Hoyer Clarifies Approps Remarks

House Majority Leader Steny Hoyer (D-Md.) clarified remarks he made to the Washington Post editorial board meeting Friday morning about a potential budget deal.

The Post reported that Hoyer had said that congressional Democrats were considering a bill that would offer $70 billion in unfettered funds for the Iraq war coupled with $11 billion in added domestic spending that Democrats had championed. The deal would have required concessions from both Democrats and the administration. Democrats would have dropped a timetable for troop withdrawal from Iraq while President Bush would have allowed increased domestic spending that he had vowed to veto earlier.

The plan enraged the anti-war left over the weekend. Appropriations Chairman David Obey later panned the idea to Roll Call: “I am perfectly willing to lose every dollar on the domestic side of the ledger in order to avoid giving the money for the war without conditions,” Obey said.

At a press briefing Wednesday, a reporter asked Hoyer about his "famous Washington Post editorial breakfast."

"What upset a lot of people the most was not just that you were talking about it," the reporter began, "but that it was the trigger for stories that characterized it as the Democrats...were trading war money for domestic money. Is that how you saw it at that point?"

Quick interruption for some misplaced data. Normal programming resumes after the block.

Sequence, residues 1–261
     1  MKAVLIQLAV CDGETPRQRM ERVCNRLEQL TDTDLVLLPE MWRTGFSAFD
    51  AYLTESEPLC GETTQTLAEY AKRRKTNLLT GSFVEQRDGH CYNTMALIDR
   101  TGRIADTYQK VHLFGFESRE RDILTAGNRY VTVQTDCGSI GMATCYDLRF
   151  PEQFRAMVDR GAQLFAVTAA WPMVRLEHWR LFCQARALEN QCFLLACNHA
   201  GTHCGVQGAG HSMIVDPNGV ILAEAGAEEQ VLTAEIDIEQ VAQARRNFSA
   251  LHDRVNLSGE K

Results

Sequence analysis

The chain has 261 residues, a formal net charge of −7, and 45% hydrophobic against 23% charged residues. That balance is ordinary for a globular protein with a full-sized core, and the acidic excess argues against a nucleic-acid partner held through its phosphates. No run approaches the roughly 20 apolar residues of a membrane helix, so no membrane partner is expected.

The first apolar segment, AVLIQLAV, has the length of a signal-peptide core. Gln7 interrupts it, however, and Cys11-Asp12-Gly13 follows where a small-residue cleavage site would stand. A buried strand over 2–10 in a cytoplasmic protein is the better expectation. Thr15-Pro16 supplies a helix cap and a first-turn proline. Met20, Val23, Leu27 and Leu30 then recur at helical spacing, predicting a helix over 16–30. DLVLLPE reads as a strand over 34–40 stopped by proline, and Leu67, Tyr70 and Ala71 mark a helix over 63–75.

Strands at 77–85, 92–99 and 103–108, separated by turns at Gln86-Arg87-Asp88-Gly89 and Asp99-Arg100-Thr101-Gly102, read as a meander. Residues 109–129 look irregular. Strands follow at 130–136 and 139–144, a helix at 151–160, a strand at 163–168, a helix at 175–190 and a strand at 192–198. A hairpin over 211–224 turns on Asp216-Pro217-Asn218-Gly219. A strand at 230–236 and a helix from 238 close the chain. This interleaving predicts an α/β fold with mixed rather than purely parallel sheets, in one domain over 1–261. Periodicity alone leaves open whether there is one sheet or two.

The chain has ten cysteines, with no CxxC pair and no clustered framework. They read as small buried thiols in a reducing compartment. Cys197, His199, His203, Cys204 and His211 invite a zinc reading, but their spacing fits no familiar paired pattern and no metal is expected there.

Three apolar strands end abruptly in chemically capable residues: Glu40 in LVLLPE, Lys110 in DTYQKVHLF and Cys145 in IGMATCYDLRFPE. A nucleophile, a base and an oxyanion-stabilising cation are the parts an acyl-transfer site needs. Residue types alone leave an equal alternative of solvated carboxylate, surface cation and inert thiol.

Hoyer: "Absolutely not. At no time did I ever indicate there was a deal. What I did observe, what I thought was going to happen ?? you will have to wait and see whether my observations were accurate ?? but at no time did I indicate that there was a deal."

"What I did discuss...was that it would make sense, as I've expressed repeatedly as a appropriator, that we had certain priorities, the administration had certain priorities and that those priorities could be compromised."

"I continue to believe that is a reasonable way for the administration and the Congress to try to work together, to effect the work of the American public in the appropriations process."

Another reporter followed up, asking whether Hoyer whether there were "reasonable people sitting down working on agreement," i.e. hashing out a deal along the lines Hoyer described.

After a pause, Hoyer responded, "I can't speak for everybody. If there are, I don't know about it."

At no time was there ever a deal, nor was there a trade-off. And that those priorities could be compromised.

But, in the grand scheme of things, if one side kind of gets what it wants and the other side kind of gets

What I have said is what I think may happen. I have never said there was a deal.